By now you should be an expert on nine-patch blocks – dark and light arranged three across and three down. If you want to make your own, you can make them any size that you want. To do that, just figure out what size you want your finished block to be, and divide by three. Then add 1/2″ for the seam allowances and you are good to go.
This is really simple if you want blocks that are 6″, 9″, or even 15″ – those numbers all divide nice and evenly by 3. What if you want an 8″ block? Sure, you can divide by 3, but then you end up with math like 2-2/3″+1/2″. Even if you want to bother with the math to get 3-1/6, no quilting rulers come with 1/6″ lines. I have a trick I use to do this. It is what I used in the double nine patch block – find something close. Eight is 5 + 3, so it is also 2-1/2 + 2-1/2 + 3. You can make a block with 2-1/2″ squares on the corners and a 3″ square in the centre. The side pieces will be 2-1/2″x3″ rectangles.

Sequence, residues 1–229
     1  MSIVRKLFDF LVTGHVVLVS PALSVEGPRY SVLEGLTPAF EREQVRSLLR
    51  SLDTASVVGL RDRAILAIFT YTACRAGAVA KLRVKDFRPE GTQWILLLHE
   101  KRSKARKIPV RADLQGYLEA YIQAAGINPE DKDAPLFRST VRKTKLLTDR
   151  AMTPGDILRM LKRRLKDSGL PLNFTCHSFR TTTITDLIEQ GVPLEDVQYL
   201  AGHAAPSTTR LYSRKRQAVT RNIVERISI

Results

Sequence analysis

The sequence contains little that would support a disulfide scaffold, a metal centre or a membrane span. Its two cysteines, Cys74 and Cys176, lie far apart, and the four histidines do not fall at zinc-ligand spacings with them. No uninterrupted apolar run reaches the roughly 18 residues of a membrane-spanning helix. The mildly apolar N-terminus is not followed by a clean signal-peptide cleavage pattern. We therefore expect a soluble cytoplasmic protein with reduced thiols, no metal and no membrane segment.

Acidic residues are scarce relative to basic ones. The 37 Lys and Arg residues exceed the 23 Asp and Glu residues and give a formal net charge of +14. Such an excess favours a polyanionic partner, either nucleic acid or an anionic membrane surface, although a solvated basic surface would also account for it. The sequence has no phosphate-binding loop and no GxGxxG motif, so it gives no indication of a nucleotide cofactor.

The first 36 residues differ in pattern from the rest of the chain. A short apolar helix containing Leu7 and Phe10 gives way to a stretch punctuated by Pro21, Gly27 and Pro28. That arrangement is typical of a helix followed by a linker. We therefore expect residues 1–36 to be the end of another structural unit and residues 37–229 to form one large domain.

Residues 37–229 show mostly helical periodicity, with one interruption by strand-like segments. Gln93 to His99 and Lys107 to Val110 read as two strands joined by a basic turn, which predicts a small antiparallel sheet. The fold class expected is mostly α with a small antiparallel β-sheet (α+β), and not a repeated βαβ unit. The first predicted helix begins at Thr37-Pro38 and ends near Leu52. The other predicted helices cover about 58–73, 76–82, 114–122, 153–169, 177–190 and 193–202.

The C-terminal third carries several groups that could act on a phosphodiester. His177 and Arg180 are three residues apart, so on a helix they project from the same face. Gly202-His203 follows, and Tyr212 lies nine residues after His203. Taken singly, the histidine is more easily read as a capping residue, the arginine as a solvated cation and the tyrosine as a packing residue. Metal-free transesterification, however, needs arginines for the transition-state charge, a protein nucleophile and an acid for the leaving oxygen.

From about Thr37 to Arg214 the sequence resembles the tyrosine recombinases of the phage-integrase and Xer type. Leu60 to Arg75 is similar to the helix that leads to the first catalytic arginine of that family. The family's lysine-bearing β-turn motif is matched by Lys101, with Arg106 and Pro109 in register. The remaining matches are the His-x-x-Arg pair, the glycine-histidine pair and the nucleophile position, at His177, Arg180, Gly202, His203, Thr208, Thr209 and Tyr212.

I usually put the odd measurement in the centre so that all the pieces are squares, but there is no reason that you have to. You could have the centre and one corner at 3″ and one corner at 2″. That makes the other two corners 2″x3″.
Another interesting option, is to make blocks that are not squares. Here is a quilt I made for my daughter. The embroidery designs didn’t fit nicely into a square block, so I make the blocks 6″x9″ rectangles. (I chose that size deliberately because it was easy to divide by 3.)
I personally don’t like cutting to more than 1/4″ accuracy. Although I can do the math on paper, it is much more difficult in implementation. When you are designing, if the math is too hard, you have the power to change the question. Don’t you wish you could do that with every difficult thing?
Elizabeth DeCroos is the designer and teacher at Epida Studio. She loves to work in quilting, pojagi and embroidery and teach these techniques to others.
Learn more and get her to speak to your group.